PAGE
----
Singing around the campfire is a memory many adults cherish. For three hours on Feb. 12, they can re-create those nostalgic memories — indoors.
Kanbar Hall inside the Jewish Community Center of San Francisco will be transformed into the beloved campfire setting familiar at Jewish summer camps everywhere. Don’t worry, though. No actual fire will be lit, so the San Francisco Fire Department won’t have to make an appearance.
A diverse lineup of Bay Area song leaders will assemble for an evening of musical nostalgia at the first Kumzitz-a-Palooza. The free sing-along extravaganza is geared toward adults, but kids are welcome, too. No RSVP is necessary.
“We did that on purpose,” said Barry Finestone, JCCSF executive director. “We’re hopeful that we’ll have several hundred people there from throughout the Bay Area. We want the JCCSF to not just be a place where people come and go, we want people to just be. This is an opportunity to just be without any agenda.”
Kumzitz is a Yiddish-derived word for a relaxed gathering around a bonfire. Participants are encouraged to bring their instruments, pillows and sleeping bags to sit around the “campfire,” where they can snack on popcorn, cider and s’mores.
Finestone promised the evening, cooked up by JCCSF board members Sara Lefton and Mark Bernstein, would be more “hip and cool” than a traditional sing-along. And it’s not transactional, meaning no membership drive, no fundraising and no cost.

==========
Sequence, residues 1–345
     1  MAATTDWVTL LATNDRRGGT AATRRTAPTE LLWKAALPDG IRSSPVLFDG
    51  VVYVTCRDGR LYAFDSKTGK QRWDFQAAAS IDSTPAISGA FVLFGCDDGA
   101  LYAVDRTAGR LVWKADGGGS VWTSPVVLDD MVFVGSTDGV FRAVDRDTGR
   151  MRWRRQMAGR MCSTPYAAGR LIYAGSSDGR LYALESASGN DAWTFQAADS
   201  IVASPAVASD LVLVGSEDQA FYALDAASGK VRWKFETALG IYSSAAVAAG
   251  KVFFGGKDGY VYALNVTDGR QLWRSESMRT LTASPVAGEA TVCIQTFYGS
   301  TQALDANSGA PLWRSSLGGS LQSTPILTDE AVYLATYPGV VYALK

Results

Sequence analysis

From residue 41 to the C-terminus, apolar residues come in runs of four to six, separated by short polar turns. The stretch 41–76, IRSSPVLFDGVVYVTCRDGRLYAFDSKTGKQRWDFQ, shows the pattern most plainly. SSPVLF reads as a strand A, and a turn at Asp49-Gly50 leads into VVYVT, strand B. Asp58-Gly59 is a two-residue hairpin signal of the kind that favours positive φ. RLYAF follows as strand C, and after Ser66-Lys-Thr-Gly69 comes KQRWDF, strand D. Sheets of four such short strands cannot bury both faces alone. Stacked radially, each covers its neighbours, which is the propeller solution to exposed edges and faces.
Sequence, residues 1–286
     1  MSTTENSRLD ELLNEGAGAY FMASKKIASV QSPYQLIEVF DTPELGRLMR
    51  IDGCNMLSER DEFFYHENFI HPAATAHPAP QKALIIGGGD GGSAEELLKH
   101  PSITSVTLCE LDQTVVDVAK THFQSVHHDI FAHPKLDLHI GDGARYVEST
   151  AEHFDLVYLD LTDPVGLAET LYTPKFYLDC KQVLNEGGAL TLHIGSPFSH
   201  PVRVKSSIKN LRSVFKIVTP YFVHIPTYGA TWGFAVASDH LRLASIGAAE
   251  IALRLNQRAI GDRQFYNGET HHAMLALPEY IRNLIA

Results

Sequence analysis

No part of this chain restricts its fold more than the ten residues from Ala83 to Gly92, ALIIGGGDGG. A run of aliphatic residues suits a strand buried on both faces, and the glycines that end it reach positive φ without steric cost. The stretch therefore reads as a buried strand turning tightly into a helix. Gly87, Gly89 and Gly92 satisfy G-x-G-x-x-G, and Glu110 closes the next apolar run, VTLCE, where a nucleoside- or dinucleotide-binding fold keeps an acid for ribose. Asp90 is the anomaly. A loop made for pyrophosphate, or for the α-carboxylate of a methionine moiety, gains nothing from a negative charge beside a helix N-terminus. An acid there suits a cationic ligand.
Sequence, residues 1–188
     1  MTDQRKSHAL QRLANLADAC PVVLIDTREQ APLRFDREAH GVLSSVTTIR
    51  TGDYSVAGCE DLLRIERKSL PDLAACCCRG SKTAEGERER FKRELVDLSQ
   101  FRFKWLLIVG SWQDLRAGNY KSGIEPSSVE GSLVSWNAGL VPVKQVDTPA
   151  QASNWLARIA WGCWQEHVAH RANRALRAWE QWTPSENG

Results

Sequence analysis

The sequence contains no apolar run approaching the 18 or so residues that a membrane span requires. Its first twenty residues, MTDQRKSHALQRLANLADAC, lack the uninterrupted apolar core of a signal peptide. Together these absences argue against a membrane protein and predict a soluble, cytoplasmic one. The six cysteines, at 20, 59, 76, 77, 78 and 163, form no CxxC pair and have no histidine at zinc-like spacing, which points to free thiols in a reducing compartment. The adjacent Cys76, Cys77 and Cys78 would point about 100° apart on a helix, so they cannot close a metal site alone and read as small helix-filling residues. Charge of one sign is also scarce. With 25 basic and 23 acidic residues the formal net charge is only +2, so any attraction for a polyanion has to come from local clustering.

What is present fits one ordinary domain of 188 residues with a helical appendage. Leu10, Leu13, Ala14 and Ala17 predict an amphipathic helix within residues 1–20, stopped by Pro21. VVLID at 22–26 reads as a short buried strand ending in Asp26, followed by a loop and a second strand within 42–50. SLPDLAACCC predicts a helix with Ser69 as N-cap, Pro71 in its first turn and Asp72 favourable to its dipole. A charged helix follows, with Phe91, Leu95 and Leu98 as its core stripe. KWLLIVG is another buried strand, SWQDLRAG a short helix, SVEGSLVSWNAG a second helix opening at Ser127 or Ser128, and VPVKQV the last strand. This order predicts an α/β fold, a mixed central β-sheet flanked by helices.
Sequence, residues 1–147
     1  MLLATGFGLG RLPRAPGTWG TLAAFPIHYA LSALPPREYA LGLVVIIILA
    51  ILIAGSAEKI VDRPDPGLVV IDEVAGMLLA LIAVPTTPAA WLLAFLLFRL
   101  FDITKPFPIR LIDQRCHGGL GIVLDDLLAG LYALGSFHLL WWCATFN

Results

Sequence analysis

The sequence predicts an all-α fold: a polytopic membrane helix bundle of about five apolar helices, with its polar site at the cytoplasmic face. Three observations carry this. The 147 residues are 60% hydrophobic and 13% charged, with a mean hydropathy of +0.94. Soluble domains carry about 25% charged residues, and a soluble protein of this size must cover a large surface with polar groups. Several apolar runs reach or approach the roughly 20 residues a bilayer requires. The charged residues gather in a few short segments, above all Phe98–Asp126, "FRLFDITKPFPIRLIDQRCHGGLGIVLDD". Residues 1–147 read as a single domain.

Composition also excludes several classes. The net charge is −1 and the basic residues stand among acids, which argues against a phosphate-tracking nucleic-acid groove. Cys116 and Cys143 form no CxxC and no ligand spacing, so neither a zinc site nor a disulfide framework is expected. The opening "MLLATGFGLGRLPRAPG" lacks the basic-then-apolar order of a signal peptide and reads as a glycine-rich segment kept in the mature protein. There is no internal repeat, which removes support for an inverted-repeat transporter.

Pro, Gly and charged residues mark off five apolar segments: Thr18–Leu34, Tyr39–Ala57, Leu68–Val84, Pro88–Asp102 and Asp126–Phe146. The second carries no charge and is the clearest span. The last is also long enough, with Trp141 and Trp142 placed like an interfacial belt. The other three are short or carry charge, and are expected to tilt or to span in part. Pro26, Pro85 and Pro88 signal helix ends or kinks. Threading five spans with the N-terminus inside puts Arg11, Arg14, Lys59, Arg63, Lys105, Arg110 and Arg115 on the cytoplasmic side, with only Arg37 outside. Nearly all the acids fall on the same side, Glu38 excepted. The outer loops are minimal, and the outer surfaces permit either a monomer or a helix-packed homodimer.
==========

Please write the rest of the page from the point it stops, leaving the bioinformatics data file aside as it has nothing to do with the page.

“That’s the beauty of this event,” Finestone said. “The appeal is that we can bring together segments of the community in one place. We’ve sent e-mails to Jewish organizations, which have placed the event in their newsletters to congregants. People are buying into the notion that it’s nice to work together.”
And sing together, of course. That’s where the song leaders come in (at least 10 have signed up so far), such as Isaac Zones of San Francisco. He specializes in Jewish, spiritual, camp and family music, having worked in camp settings and creative music programs.
In other words, he’s perfect for the gig.
Zones’ approach for the Kumzitz-a-Palooza is to introduce traditional folk music with a soul feel or alternative rock vibe. It’s a trend many religious song leaders are leaning toward, he said, in an effort to make their music relevant and contemporary.
“My hope is that people come, have a great time singing and feel comfortable to add to the music,” Zones said. “In terms of playing instruments and finding harmonies, I hope they help us feel closer and connected as a community.”
Joining them will be Marsha Attie, who serves as the cantorial soloist at San Francisco’s Congre-gation Emanu-El. She will be singing with her vocal group, Ya Elah, covering the favorites and taking requests.
“It sounds really fun,” Attie said. “Everybody loves singing around the campfire. For grownups, it’s nostalgic. Kids will love it because it’s what they get at camp. This will be a feel-good event.”
Kumzitz-a-Palooza begins 7:30 p.m. Feb. 12 at the JCCSF, 3200 California St., S.F. Information: www.jccsf.org.